Other features include:

A full-frame CMOS sensor, a megapixel of 26.2MP, an autofocus of 5,655-point AF, a screen type of 3-inch vari-angle touchscreen and a maximum continuous shooting speed of 5fps.

Price: $999

Pros

  • Tiny body given its full-frame sensor
  • Excellent price point

Cons

  • Battery life isn’t great
  1. Sony A9

If you’re the photographer who relies on the blistering speed and performance of the Canon EOS-1D X Mark II or Nikon D5 and you’re looking to jump over to mirrorless, the A9 is your best bet. With 20fps burst shooting (with autofocus and no viewfinder blackout), a hybrid AF system that uses 693 phase-detect AF points, and a buffer that lasts for an astonishing 241 raw frames. Plus, with the release of version 5.0 firmware, the camera has now gained an even stronger auto-focusing system.

Other features include:

A Full-frame CMOS sensor, a resolution of 24.2MP, an autofocus of 693-phase-detect points, a screen type of 3.0-inch tilt-angle touchscreen and a maximum continuous shooting speed of 5fps.

Price: $2,411

Pros

  • No blackout at 20fps
  • Huge buffer

Cons

  • Expensive
  1. Sony A7 II

This camera came with some improvements to the original A7. Although it misses out on a few of the perks of its A7 III successor, it still shows that it’s highly relevant for any photograph according to its spec sheet. Alongside its 24.3MP sensor with a five-axis image stabilization, the A7 II packs a 2.36 million-dot EVF, a hybrid AF system, and Wi-Fi and NFC to enable you to ping out your pictures in no time.

Other features include:

A Full-frame sensor, a resolution of 24.2MP, an autofocus of 117-point AF, a screen type of 3.0-inch tilt-angle screen and a maximum continuous shooting speed of 5fps.

Price: $996

Pros

  • Great price right now
  • Solid image quality

Cons

  • Battery life could be better
  1. Canon EOS R

Canon’s EOS RP, featured earlier in this list, might be the better option for budget-conscious users and those not needing flagship performance, but the EOS R is Canon’s most advanced mirrorless camera to date. On top of what the EOS RP offers, it boasts a larger and more detailed electronic viewfinder together with a better LCD screen, a higher-resolution sensor and faster burst shooting.

Other features include:

A full-frame CMOS sensor, a megapixel of 30.3MP, an autofocus of 5,655-point AF, a screen type of 3.15-inch vari-angle touchscreen and a maximum continuous shooting speed: 8fps.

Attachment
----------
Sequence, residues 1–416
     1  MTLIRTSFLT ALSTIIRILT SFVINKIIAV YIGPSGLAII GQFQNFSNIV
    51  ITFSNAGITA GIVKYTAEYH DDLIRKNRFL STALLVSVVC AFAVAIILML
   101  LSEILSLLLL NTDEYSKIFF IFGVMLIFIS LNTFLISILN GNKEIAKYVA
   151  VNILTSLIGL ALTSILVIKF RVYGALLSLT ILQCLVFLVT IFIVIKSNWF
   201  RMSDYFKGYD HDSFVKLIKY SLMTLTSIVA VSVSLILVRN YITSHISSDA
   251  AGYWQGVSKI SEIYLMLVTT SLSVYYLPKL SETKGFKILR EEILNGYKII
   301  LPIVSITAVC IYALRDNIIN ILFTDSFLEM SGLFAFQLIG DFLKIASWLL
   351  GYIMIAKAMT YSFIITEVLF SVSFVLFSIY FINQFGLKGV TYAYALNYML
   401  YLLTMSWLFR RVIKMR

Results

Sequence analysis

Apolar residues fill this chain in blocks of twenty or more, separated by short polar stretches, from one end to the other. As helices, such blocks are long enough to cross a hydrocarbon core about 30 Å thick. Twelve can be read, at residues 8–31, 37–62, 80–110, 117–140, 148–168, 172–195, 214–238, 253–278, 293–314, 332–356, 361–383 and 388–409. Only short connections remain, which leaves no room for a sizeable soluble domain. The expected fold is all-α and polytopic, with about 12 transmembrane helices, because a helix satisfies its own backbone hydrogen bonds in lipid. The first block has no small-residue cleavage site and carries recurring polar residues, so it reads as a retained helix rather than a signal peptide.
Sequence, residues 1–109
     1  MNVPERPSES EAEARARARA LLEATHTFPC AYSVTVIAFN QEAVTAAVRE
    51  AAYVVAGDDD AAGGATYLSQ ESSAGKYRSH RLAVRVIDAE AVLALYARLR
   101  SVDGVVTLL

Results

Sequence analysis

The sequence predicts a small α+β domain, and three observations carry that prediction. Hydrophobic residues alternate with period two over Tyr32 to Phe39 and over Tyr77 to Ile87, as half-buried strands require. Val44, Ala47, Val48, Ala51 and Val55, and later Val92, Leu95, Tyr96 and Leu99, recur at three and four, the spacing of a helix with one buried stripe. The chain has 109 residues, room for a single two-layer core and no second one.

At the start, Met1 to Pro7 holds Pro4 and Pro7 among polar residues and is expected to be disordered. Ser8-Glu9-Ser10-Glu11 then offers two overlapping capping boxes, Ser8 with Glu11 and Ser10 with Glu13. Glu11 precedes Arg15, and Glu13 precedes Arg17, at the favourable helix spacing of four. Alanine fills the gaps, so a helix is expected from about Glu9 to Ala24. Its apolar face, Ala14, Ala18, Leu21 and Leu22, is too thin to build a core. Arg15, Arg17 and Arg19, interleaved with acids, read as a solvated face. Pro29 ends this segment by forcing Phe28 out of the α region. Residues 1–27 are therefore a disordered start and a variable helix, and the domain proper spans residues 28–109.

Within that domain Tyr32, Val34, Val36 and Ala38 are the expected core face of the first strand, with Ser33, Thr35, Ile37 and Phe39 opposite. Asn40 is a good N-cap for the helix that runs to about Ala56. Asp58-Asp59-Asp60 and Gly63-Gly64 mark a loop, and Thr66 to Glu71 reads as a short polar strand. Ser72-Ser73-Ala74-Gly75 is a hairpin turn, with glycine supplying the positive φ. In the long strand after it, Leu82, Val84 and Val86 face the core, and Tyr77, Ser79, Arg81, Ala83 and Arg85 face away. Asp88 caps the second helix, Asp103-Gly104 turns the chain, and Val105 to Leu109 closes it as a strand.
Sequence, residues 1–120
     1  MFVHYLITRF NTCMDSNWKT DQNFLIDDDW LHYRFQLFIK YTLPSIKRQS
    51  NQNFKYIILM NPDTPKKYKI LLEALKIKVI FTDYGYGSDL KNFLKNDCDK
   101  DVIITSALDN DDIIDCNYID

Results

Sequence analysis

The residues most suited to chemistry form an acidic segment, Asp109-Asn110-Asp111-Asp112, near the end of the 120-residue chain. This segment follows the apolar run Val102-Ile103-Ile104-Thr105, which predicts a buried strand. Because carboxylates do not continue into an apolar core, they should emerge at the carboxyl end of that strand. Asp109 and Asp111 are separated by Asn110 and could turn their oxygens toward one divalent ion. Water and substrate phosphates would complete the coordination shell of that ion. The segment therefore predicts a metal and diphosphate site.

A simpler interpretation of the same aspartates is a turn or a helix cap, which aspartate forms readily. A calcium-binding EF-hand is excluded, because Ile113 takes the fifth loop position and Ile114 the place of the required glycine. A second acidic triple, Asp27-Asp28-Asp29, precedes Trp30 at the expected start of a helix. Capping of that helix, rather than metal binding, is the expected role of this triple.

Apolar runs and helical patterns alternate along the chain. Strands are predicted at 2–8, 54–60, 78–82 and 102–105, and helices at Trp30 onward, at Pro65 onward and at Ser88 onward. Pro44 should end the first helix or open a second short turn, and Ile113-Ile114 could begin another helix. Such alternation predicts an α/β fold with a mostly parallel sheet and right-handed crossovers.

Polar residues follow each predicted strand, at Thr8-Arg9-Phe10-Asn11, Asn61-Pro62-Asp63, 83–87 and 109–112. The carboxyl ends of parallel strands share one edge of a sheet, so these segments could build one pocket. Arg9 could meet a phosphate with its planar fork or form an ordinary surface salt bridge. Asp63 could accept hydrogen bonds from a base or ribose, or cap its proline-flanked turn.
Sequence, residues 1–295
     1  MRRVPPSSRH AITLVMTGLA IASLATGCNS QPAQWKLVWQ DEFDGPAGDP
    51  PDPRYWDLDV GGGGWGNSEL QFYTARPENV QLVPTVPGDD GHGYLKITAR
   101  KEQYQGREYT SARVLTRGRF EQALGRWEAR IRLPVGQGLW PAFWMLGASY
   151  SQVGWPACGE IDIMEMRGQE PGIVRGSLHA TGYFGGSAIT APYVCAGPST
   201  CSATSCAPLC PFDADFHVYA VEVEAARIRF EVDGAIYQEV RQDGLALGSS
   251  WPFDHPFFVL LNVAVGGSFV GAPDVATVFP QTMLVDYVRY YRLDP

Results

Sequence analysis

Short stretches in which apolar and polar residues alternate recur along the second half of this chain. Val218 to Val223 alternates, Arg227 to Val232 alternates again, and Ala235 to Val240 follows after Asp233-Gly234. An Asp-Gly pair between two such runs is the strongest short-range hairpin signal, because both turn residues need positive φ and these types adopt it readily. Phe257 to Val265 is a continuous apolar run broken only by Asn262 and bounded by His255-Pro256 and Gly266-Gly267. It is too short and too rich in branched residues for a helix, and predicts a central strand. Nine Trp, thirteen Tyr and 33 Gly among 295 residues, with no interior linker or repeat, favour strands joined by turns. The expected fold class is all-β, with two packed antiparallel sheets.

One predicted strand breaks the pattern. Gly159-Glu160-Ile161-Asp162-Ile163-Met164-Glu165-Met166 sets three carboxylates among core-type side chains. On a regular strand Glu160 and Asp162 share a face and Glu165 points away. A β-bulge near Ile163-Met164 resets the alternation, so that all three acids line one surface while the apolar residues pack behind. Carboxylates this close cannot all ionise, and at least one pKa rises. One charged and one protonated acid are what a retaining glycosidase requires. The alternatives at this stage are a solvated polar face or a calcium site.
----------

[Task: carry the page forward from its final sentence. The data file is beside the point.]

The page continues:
Price: $1,499

Pros

  • Great viewfinder
  • Excellent compatibility with EF lenses

Cons

  • Not much smaller than an equivalent DSLR
  1. Sony A7S II

If outright resolution isn’t a concern but low-light shooting or video is your thing, this is still a camera to pop on your shortlist. At its heart is a 12.2MP sensor that can be ramped up to ISO102,400 natively and ISO409,600 on its expanded setting, while 4K video captured with full pixel readout and five-axis image stabilization sit alongside.

Other features include:

A full-frame sensor, a resolution of 12.2MP, an autofocus of 169-point AF, a screen type of 3.0-inch tilt-angle screen and a maximum continuous shooting speed of 5fps.

Price: $2,178

Pros

  • Huge dynamic range
  • Sensor-based image stabilization

Cons

  • No hybrid AF system
  1. Panasonic Lumix S1

Kicking things off for Panasonic’s S series, along with the S1R, the S1 is the more affordable option but still packs some impressive tech. There’s the 24MP full-frame sensor that performs brilliantly when shooting stills and 4K video, together with a sensor-based image stabilization system that does exactly what it should, and does it well. Operation is swift, build quality is excellent, and it’s no exaggeration to say that the viewfinder is stunning.

Other features include:

A full-frame CMOS sensor, a resolution of 24.2MP, an autofocus of 225-point AF, a screen type of 3.2-inch tilt-angle touchscreen and maximum continuous shooting speed of 9fps.

Price: $2,497.99

Pros

  • Great images and excellent video
  • Sublime electronic viewfinder

Cons

  • Big and heavy